Chapter 9: Force

9.6 Inclined planes

Let’s say you have a box of snakes sliding down a frictionless inclined plane, and you want to know the acceleration. Of course, you begin by drawing your free body diagram:

A right triangle is formed by a dashed line. One leg is horizontal, and another is vertical. The hypotenuse extends from upper left to lower right. A point on the hypotenuse is marked by a dot. Two arrows extend from the dot; one points directly down, labeled F superscript G; the other extends up and to the right, perpendicular to the hypotenuse. The second arrow is labeled F superscript N. The angle between the hypotenuse and the horizontal leg is labeled with a lowercase Greek theta. To the side is another pair of arrows; one points directly to the right, labeled x; the other points directly up, labeled y.
Free body diagram for the box of snakes on an inclined plane with negligible friction.

Then you apply Newton’s second law:

\[
\begin{align*}
F_\textit{net,x} &= ma_x & F_\textit{net,y} &= ma_y \\
F^N\sin\theta &= ma_x & F^N\cos\theta – mg &= ma_y
\end{align*}
\]

Even if we know the mass of the box and the angle of the incline, we still don’t have enough information to solve this! We do not know the magnitude of the normal force of the incline pushing on the box, nor do we know either component of the acceleration. There are three unknowns, but only two equations—this is not a solvable system.

You are free to define your coordinate system however you like. For inclined plane problems, rotate your coordinate axes to simplify the problem: orient the coordinates so that the \(x\) axis lies along the incline, as shown below. That way, any acceleration is only along the \(x\) axis and the normal force will lie along the \(y\) axis. You will need to use trig to find \(x\) and \(y\) components of the force of gravity, which still points directly downward—you can choose whatever coordinate grid you like, but you cannot change the direction of gravity!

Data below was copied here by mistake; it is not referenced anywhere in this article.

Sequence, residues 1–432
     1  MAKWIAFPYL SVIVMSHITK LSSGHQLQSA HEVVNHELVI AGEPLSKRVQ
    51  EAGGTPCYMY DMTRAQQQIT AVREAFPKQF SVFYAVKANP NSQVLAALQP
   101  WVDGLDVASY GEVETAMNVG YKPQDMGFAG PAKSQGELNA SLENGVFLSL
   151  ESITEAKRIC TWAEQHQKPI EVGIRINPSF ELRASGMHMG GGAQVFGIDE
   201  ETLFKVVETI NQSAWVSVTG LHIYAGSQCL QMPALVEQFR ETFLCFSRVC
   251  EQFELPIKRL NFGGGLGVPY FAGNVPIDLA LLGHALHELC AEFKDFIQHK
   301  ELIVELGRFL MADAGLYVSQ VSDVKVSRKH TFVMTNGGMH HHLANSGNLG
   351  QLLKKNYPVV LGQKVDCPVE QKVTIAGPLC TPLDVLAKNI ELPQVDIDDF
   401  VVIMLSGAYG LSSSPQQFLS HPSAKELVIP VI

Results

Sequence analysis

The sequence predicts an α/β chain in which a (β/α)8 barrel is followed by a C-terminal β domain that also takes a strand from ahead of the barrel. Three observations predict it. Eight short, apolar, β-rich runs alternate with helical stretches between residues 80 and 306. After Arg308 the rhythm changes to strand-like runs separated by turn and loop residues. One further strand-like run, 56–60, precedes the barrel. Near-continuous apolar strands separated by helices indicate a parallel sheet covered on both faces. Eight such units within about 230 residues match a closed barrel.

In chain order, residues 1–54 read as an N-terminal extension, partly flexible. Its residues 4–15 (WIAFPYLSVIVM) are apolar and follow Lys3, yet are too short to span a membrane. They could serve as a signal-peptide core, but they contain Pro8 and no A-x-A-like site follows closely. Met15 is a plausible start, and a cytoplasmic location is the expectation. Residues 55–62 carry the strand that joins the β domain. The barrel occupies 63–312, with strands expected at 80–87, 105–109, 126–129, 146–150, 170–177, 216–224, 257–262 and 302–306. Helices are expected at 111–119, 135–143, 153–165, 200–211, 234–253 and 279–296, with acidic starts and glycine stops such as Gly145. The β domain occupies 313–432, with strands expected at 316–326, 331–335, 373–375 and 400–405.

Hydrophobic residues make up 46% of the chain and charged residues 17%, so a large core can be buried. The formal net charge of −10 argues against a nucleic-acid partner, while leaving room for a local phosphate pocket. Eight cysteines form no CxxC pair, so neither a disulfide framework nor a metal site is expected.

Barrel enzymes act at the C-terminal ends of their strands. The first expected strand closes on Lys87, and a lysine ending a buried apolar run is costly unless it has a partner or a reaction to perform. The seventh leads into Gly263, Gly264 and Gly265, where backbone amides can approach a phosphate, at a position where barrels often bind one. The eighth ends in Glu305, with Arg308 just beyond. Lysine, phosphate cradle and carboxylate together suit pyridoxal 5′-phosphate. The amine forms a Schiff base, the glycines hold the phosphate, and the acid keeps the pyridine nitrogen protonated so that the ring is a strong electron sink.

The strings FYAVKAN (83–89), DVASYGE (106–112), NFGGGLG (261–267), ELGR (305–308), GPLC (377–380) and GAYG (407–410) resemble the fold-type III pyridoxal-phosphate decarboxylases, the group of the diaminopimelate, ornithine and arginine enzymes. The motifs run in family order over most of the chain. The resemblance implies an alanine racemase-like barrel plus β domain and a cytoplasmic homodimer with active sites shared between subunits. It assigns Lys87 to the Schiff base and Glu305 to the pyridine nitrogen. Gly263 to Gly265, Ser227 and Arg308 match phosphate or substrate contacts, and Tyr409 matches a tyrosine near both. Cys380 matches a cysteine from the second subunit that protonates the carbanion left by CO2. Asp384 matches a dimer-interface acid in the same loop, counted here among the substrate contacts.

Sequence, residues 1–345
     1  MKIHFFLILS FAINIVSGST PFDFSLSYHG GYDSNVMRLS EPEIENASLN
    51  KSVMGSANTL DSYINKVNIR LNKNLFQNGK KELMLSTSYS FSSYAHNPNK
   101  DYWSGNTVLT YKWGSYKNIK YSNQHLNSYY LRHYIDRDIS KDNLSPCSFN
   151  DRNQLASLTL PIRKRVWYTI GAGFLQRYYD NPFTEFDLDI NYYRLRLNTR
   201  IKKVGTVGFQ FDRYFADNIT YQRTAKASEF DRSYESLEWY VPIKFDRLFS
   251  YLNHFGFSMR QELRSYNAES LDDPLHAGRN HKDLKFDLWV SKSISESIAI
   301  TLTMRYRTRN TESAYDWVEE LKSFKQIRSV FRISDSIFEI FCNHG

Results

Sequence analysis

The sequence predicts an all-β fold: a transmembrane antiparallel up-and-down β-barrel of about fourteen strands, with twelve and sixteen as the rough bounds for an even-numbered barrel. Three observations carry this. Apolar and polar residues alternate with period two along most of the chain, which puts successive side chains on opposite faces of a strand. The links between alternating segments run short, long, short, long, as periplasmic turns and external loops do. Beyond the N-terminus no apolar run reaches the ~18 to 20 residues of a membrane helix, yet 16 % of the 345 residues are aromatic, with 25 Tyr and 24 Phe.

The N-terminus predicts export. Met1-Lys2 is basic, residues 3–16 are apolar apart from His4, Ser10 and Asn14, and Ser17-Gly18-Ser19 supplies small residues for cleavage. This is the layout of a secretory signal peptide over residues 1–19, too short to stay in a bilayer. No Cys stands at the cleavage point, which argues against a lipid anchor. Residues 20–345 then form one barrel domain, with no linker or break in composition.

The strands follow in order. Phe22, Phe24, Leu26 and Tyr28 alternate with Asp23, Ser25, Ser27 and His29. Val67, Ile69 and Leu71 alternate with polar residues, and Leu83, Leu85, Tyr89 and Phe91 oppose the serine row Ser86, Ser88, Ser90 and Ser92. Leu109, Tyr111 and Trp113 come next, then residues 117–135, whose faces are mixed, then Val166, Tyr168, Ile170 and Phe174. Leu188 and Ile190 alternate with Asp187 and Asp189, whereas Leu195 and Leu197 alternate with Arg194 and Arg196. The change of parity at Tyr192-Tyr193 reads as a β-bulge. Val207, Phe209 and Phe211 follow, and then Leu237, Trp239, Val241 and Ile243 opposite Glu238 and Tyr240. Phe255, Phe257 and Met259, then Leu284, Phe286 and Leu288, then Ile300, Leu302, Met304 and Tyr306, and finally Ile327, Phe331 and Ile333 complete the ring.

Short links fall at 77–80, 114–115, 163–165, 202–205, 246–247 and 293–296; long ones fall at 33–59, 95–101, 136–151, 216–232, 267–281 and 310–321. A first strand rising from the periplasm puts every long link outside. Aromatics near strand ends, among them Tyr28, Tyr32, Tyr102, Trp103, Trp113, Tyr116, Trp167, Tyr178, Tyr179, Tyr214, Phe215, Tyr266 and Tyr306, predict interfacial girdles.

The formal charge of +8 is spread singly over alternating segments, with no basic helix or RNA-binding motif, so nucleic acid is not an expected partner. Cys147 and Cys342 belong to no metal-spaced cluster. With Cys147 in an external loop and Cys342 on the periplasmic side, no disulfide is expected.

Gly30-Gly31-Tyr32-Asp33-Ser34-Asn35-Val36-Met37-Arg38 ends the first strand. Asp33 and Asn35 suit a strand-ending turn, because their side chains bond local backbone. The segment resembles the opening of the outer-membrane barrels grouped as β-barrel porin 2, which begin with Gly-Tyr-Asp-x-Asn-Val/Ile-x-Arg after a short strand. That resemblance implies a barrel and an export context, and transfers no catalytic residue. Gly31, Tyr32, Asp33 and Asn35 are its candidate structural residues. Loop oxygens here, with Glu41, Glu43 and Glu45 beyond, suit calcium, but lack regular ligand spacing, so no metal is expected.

A right triangle is formed by a dashed line. One leg is horizontal, and the other is vertical. The hypotenuse extends  from upper left to lower right. The angle in the bottom right, between the hypotenuse and the horizontal leg, is labeled with a lowercase Greek theta.

Two sets of x-y coordinate axes are shown, each with the origin located halfway along the hypotenuse. One set of axes is made with dotted line arrows; an arrow pointing straight up is labeled old y axis, and an arrow pointing directly to the right is labeled old x axis. The other set of coordinate axes is shown with solid line arrows. One arrow extends away from the triangle perpendicular to the hypotenuse; this is labeled y. The other arrow lies along the hypotenuse, pointing down and to the right; this is labeled x. The angle between the dotted-line y axis and the solid-line y axis is labeled with a lowercase Greek theta.
Rotated axes for an inclined plane. Consider complementary angles to determine the relationship between the angle \(\theta\) and the new (rotated) axes.

Now let’s return to the snakes, and find out their acceleration down the plane.

Example

You set a box of snakes at the top of a plane that is inclined at 30°. What is the box’s acceleration?